“Children need to have access to and control over the language of power both in school and in society in order to overcome the current inequity in the world.”
* Prof. Roderick Motril Aguirre, Professor De La Salle University
Teaching as a profession assumes different meanings and definitions and it is always depending on the practitioners’ ultimate goal. Accepting it as an art does not lessen the concern for the methods and techniques employed in transmitting knowledge.
Teaching should be adjusted to the needs of the learners. As such, it is imperative to determine first the difficulties and needs so that whatever materials a teacher purports to design should be in accordance with these needs. And this is what is known as directional teaching. This means that it is an assurance of more achievements in teaching than mere teaching without any sound basis.
Considerably, the contribution of teachers teaching and in the learning outcomes are widely recognized. Towards it, the teacher’s effectiveness has more impact on the students learning than any other factor which are under the control of school systems, including its class size, school size, and the quality of school programs. (Rivkin et al., 2005)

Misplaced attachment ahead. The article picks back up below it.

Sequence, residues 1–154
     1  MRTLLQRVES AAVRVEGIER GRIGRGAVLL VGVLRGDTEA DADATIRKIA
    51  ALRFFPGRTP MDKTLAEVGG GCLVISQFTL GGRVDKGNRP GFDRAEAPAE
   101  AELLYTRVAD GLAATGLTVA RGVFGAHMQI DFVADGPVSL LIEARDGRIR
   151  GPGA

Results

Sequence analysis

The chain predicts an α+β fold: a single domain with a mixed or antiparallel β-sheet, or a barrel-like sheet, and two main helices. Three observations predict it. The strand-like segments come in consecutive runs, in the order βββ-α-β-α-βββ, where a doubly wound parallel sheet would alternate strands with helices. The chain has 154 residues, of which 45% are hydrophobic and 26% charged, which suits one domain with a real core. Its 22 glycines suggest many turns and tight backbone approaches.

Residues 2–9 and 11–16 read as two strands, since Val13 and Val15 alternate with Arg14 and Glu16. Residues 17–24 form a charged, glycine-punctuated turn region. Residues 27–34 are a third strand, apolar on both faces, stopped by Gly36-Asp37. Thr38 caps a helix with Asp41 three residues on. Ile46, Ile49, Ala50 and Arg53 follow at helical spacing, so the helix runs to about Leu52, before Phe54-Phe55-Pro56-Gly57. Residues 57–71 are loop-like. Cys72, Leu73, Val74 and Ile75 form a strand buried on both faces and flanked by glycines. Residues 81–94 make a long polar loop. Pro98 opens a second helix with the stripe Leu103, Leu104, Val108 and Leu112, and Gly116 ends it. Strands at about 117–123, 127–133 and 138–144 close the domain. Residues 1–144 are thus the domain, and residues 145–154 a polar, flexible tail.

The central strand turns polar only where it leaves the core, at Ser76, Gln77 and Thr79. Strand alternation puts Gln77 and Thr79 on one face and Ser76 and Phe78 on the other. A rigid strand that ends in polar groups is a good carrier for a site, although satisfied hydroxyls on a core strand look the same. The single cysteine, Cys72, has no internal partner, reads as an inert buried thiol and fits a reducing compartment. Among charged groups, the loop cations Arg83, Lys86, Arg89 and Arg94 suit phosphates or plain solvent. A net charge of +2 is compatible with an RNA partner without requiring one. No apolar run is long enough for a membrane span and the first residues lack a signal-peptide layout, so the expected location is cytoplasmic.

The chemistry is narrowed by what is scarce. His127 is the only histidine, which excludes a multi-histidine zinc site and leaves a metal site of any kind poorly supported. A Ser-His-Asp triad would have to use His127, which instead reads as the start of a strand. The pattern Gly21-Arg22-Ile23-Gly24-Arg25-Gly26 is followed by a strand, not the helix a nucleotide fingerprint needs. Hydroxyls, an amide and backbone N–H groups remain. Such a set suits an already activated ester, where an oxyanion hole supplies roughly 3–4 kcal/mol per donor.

The language of instruction and literacy skills among pupils in Philippine schools are foreign and incomprehensible to more than 70% of Filipino students. This is a phenomenon which is also common to many other countries in Asia and throughout the world.
At present the curriculum for Grade – I to III, the medium of instruction used in the classroom is the mother tongue. Mother Tongue, also known as native language or first language is the language a person has learned from birth or within the critical period or that a one speaks the best and so is often used as the basis for sociolinguistic identity. In some countries, the term native language or mother tongue refers to the language of one's ethnic group rather... [continues]
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